‘Throughout my life those Anglo-Scots-Irish links have pulled complicated strands of loyalty, plucking a confusion of romantic emotional responses. Who the hell am I?’
‘Salmond has in the past proved an astute reader of the political runes. RT represents for him a platform for indulging his career and promoting the causes he believes in. It is therefore premature to conclude that Salmond’s latest venture marks his decline into irrelevance and disrepute’…
‘Poetry readings were performed here for Refugee Week. Poetry postcards offered to passers by on National Poetry Day. Poetry twirled on willow stakes in the garden. Poetry projected on to the plinth of the Melville Monument and hung on buildings under construction around the square’. But no more…?
‘Required reading for all those engaged in the fight against poverty’, Gordon Munro reviews Darren McGarvey’s book, Poverty Safari.
‘In Scotland, we perhaps put too much emphasis on formal, externally assessed exams – and is it really necessary for students to take them every year for the whole three years of the senior phase?’
‘We need to recognise the bawdy sense of mischief that was common currency in the tradition before it was swept aside by the religious revival in the 19th century. In contrast to the shortbread tin image of Highland culture, this sheds vital light on the past and the present – as Mac Mhaighstir Alasdair would have it, breasts, pricks, warts and all’.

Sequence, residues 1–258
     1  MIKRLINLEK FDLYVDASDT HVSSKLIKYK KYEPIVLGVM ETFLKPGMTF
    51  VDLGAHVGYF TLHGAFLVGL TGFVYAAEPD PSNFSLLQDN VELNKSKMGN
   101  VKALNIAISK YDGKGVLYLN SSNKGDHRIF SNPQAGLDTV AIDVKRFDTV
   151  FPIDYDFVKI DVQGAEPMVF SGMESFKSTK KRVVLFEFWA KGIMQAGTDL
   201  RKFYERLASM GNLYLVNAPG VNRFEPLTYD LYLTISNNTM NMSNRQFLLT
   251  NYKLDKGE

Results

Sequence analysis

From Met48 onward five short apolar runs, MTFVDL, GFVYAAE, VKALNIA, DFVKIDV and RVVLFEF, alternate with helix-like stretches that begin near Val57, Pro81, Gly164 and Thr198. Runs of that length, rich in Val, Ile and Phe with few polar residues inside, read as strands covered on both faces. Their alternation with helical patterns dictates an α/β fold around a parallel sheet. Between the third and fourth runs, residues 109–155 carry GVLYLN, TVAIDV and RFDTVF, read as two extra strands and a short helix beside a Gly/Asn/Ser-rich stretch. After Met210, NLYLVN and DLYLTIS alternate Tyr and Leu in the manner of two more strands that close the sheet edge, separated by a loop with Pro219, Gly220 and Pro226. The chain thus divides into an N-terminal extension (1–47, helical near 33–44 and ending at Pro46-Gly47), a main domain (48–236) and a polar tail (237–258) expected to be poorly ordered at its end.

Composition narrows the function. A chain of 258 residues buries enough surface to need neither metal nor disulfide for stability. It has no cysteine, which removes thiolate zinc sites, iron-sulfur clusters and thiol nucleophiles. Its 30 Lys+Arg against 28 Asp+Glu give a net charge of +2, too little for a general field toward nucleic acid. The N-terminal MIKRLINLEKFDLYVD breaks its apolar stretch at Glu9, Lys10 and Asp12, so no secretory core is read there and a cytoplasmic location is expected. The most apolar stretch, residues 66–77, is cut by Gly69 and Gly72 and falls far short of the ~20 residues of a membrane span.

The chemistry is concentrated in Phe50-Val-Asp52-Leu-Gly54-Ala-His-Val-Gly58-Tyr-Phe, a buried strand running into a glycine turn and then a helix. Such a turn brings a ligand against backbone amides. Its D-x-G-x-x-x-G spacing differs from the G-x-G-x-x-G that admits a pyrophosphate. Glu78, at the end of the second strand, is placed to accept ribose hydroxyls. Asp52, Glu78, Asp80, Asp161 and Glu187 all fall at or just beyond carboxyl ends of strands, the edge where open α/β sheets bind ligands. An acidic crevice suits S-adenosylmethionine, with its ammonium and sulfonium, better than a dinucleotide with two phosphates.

‘Rights without any means of enforcement are truly useless. As part of the UK, Scotland is bound by the UN’s Aarhus Convention which requires that people must be able to challenge situations where their environmental rights are denied or environmental laws are broken. Article 9(4) says that these challenges must be “not prohibitively expensive”. But access to environmental justice is prohibitively expensive in Scotland’.
‘In the past twenty years, festivals are returning as we realise their place and value in society. It should be unsurprising that many of these ‘newly hallowed’ traditions should resemble Halloween in some way or other: the selection of a hallowed day or event, the putting on of costume, the establishment of rites and rituals. Even non-festive occasions, like protest, are increasingly moments for Halloween-esque performance and participation: a symptom of the appetite for a public sphere conducive to sociability like the one that, at some point, conjured the modern Halloween’.
‘What we have here is clear evidence that points to what many people believe anecdotally: there are many parents in Glasgow who believe their children’s education is better served by a school in one of these more affluent suburbs’.
This year’s Black History Month opens a new chapter in Scotland with a campaign to establish Scotland’s own museum of empire, slavery, colonialism and migration.